Saturday, September 21, 2013

Charitable Giving Guidelines and Scam Alert

Mitch Morrissey, the Denver District Attorney, released this special edition of Consumer Alerts.  The aftermath of the Colorado floods are fertile ground for scam artists to take advantage of people who are still struggling to get back on their feet. Go to Colorado Flood Scam Alert for more information.

Thursday, August 22, 2013

Perils of Avoiding Probate

By James R. Wade, Esq.

In states (unlike Colorado) where estate settlement costs are high and the system of estate administration is slow, there are various methods properly used to have assets pass outside of the probate system.  In Colorado, however, these methods may be counterproductive.

In some states, revocable trusts are often used as a will substitute to avoid probate.  In Colorado, however, our system of informal probate, unsupervised administration, and informal closing effectively removes the court from estate administration and makes probate estate administration as efficient as use of a revocable trust at death. 

There are disadvantages to revocable trusts including the following:

1.    Loss of statutory homestead exemption for residential real estate placed in a revocable trust (our Court of Appeals ruled that the exemption was intended to benefit people and not trusts);

2.    Loss of short four-month period for creditors to file claims in a probate estate after death;

3.    Risk of having to file trust income tax returns prior to death;

4.    Post-death complications in not being able to utilize income tax and distribution planning (trusts generally can only utilize a calendar year for income tax purposes; post-death a trust can file a special election under the Internal Revenue Code to be taxed as if it were a probate estate so as to get the benefits of selecting a non-calendar year); and

5.    The early costs of setting up the trust and funding it (the ultimate net cost should be about the same).

POD (payable on death) bank accounts and TOD (transfer on death) security accounts are authorized by statute and are sometimes promoted by financial institutions as a short-cut way to avoid probate.  Again, probate cost avoidance is not applicable in Colorado, and there is a real risk that use of these accounts may end up distorting the primary estate plan provided in the will.  Assume you have your estate under your will pass in equal shares to your three children.  Having no POD or TOD designations will accomplish this.  If, however, these kinds of accounts are used to designate a particular child as recipient of a particular account or accounts there must be constant surveillance as to the value and titling of each account to keep your overall estate in balance.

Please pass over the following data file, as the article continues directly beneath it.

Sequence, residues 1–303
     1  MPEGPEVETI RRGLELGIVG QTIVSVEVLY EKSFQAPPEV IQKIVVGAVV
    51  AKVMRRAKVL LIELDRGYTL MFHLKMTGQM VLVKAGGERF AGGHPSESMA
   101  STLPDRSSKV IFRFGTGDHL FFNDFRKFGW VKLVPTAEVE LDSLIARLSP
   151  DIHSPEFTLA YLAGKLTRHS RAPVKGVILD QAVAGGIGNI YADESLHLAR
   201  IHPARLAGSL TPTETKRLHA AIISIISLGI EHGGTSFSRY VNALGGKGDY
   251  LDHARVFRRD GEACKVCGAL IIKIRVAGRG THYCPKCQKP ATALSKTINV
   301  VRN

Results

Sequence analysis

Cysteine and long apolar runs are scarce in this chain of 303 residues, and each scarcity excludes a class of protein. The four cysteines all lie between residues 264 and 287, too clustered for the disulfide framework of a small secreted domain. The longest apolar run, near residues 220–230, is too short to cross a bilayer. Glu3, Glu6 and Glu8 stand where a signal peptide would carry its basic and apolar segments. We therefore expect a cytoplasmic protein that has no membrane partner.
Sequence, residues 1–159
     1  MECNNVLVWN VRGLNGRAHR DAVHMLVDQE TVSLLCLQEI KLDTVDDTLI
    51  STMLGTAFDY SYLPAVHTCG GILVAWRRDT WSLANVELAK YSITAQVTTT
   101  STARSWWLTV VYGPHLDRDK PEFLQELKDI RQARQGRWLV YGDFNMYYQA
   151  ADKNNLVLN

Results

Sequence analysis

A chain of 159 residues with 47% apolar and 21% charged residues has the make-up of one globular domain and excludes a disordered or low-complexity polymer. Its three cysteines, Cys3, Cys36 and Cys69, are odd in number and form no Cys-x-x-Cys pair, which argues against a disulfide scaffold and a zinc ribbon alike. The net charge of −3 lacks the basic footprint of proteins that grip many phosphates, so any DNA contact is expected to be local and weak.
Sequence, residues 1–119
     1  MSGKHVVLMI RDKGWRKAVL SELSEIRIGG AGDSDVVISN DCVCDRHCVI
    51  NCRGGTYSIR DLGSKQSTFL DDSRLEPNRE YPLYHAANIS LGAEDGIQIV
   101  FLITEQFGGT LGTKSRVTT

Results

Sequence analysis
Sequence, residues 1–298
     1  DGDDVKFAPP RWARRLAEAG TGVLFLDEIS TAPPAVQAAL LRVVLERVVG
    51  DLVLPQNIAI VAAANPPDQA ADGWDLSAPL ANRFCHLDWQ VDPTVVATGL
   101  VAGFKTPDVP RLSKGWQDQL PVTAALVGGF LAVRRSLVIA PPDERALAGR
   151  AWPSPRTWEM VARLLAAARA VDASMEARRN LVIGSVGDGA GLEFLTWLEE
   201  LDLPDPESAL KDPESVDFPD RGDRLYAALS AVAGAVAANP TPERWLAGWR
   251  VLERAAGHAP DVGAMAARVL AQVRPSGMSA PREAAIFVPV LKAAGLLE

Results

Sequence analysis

An aside: Adding a family member’s name to an asset as joint tenant (again to avoid probate at death) may be unwise.  Such action with respect to real estate and securities creates an irrevocable, completed gift for transfer tax purposes and may require the filing of a gift tax return.  It may also subject the assets to the creditors of the child whose name is added.  This may not be the case with bank accounts, but those accounts provide their own problems.  Assume again that your will names your three children as equal beneficiaries of your estate.  Assume you add the name of one of your children to your bank account, at least in part to have a second signature to write checks to pay bills.  Assume there is $20,000 in your account at the time of your death.  Does the child whose name was added as joint tenant get the full $20,000 by survivorship or should the amount pass as part of your estate in equal thirds?  The easy solution to this problem is to add the child to your account by using the bank’s power of attorney or agency account registration form (rather than using the joint tenancy registration form).  In this way the child can still write checks to pay bills without distorting the estate plan. 

As additional aside: A revocable trust funded only with real estate outside of Colorado may be appropriate to avoid ancillary probate and administration.  At death the trustee is directed to distribute the real estate pursuant to the will of the person who created the trust. 

Thursday, August 15, 2013

Considering Charitable Giving

Josie M. Faix, Esq.

Co-creator of the long-running television show The Simpsons, Sam Simon, was diagnosed with terminal colorectal cancer in 2012.  Mr. Simon has used his grim news as a catalyst to increase his own charitable giving, and to encourage others to do so.  He started the Sam Simpson Foundation in 2002 to benefit and protect stray-dogs from being euthanized.  Since then he has given to countless organizations that care for animals, people, and the environment.  Realizing he has a short time left, he has spoken publicly about his desire to give his estate to charity and the good his fortune will do for the causes he cares about.  To read an interview with Sam Simon about his charitable works, visit Sam Simon.